Location: Cool and Cold Water Aquaculture ResearchTitle: Toll-like receptors in bony fish: from genomics to function Author
Submitted to: Developmental and Comparative Immunology
Publication Type: Review Article
Publication Acceptance Date: 3/7/2011
Publication Date: 1/31/2012
Publication URL: http://handle.nal.usda.gov/10113/56820
Citation: Palti, Y. 2012. Toll-like receptors in bony fish: from genomics to function. Developmental and Comparative Immunology. 35(12):1263-1272. Interpretive Summary:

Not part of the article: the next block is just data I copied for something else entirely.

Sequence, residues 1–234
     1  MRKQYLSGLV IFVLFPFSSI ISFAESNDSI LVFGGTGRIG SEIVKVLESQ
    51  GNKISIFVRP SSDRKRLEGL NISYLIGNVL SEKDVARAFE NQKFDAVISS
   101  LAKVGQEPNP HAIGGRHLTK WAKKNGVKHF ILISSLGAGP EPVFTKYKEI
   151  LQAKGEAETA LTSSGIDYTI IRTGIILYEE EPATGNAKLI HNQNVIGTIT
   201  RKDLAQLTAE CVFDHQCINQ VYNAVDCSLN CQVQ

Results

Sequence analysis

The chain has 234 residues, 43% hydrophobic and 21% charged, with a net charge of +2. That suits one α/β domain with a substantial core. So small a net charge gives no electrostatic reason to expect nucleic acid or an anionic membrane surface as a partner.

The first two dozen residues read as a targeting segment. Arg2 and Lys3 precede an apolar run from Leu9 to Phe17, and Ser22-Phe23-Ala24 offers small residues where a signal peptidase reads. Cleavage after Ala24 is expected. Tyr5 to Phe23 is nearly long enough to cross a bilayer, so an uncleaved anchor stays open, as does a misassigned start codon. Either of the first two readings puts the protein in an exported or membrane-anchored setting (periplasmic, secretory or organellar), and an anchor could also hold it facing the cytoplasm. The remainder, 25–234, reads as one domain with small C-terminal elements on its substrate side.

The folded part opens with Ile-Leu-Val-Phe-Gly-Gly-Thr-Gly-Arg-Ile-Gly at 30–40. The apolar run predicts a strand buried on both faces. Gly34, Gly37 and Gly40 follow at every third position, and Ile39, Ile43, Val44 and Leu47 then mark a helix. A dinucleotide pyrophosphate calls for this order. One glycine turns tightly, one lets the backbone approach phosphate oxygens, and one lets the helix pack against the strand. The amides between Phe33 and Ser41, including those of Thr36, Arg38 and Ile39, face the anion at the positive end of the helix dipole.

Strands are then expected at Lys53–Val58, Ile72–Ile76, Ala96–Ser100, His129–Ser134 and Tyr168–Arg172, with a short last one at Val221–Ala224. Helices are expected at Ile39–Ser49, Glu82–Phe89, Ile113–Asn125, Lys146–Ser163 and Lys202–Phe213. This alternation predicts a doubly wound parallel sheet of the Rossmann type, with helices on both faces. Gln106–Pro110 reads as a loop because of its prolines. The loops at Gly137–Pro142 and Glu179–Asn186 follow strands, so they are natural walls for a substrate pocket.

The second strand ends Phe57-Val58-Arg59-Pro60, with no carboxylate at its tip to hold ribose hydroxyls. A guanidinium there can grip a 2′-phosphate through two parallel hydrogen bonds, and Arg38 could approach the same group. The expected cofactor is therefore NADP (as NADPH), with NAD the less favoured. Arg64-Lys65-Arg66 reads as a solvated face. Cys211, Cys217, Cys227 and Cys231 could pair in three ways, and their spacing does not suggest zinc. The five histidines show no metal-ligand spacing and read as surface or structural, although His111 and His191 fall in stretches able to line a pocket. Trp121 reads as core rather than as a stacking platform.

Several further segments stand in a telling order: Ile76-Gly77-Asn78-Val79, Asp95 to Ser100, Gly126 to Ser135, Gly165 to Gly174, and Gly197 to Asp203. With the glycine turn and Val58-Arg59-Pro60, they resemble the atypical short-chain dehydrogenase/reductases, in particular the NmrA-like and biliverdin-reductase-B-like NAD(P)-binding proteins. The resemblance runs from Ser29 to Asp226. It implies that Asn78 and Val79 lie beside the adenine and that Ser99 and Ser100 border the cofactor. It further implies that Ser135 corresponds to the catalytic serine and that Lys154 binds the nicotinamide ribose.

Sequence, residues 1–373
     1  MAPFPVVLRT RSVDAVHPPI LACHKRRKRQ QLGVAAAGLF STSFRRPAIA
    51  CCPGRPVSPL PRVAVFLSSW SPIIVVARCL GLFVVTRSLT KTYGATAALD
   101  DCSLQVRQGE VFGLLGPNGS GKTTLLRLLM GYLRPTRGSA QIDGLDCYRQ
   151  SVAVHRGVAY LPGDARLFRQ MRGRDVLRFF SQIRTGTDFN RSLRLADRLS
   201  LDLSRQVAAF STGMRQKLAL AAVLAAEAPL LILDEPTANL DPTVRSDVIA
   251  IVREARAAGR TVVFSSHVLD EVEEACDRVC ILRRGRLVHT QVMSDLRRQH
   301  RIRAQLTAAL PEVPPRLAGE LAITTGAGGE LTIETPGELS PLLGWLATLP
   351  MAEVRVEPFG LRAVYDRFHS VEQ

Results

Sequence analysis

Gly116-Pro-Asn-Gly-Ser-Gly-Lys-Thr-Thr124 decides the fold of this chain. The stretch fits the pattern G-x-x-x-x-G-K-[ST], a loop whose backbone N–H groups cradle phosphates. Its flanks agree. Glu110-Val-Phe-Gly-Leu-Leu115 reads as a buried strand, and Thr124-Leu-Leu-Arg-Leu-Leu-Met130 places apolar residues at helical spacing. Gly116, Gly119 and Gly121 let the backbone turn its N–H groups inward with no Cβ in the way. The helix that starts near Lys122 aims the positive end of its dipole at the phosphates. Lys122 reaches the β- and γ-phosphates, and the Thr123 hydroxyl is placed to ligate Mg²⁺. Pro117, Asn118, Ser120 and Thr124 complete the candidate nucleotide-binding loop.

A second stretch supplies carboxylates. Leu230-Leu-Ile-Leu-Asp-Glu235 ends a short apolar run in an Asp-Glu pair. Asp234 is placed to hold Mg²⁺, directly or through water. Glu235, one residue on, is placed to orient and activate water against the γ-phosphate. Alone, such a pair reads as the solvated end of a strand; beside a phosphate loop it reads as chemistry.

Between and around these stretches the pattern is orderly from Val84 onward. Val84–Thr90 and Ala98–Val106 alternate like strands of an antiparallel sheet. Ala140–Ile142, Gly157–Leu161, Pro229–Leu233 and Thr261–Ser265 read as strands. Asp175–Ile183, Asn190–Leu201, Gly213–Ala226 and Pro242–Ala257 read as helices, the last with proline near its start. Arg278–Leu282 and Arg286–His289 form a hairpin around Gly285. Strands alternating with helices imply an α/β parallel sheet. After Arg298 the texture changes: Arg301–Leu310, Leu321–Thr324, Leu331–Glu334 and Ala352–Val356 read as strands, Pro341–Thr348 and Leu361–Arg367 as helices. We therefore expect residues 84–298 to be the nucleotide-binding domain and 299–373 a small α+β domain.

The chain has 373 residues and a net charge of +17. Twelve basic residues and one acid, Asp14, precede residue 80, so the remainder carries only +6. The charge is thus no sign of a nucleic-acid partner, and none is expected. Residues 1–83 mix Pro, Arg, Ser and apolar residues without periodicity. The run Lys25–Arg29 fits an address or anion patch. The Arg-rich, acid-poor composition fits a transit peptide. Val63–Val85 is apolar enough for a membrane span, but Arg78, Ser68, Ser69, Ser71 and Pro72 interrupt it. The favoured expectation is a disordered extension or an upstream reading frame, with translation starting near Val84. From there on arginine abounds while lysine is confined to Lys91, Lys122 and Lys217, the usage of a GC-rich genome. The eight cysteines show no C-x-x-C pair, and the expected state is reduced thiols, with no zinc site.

Technical Abstract: Receptors that recognize conserved pathogen molecules are the first line of cellular innate immunity defense. Toll-like receptors (TLRs) are the best understood of the innate immune receptors that detect infections in mammals. Key features of the fish TLRs and the factors involved in their signaling cascade have high structural similarity to the mammalian TLR system. However, the fish TLRs also exhibit very distinct features and large diversity which is likely derived from their diverse evolutionary history and the distinct environments that they occupy. Six non-mammalian TLRs were identified in fish. TLR14 shares sequence and structural similarity with TLR1 and 2, and the other five (TLR19, 20, 21, 22 and 23) form a cluster of novel TLRs. TLR4 was lost from the genomes of most fishes, and the TLR4 genes found in zebrafish do not recognize the mammalian agonist LPS and are likely paralogous and not orthologous to mammalian TLR4 genes. TLR6 and 10 are also absent from all fish genomes sequenced to date. Of the at least 16 TLR types identified in fish, direct evidence of ligand specificity has only been shown for TLR3, TLR5M, TLR5S and TLR22. The membrane-bound TLR5 (TLR5M) signaling in response to flagellin in rainbow trout is amplified through interaction with the soluble form (TLR5S) in a positive loop feedback. In Fugu, TLR3 is localized to the endoplasmic reticulum (ER) and recognizes relatively short dsRNA, while TLR22 has a surveillance function like the human cell-surface TLR3. Genome and gene duplications have been major contributors to the teleosts rich evolutionary history and genomic diversity. Duplicate or multi-copy TLR genes were identified for TLR3 and 7 in common carp, TLR4b, 5, 8 and 20 in zebrafish, TLR8a in rainbow trout and TLR22 in rainbow trout and Atlantic salmon. The main task for current and near-future fish TLRs research is to develop specificity assays to identify the ligands of all fish TLRs, which will advance comparative immunology research and will contribute to our understanding of disease resistance mechanisms in fish and the development of new adjuvants and/or more effective vaccines and therapeutics.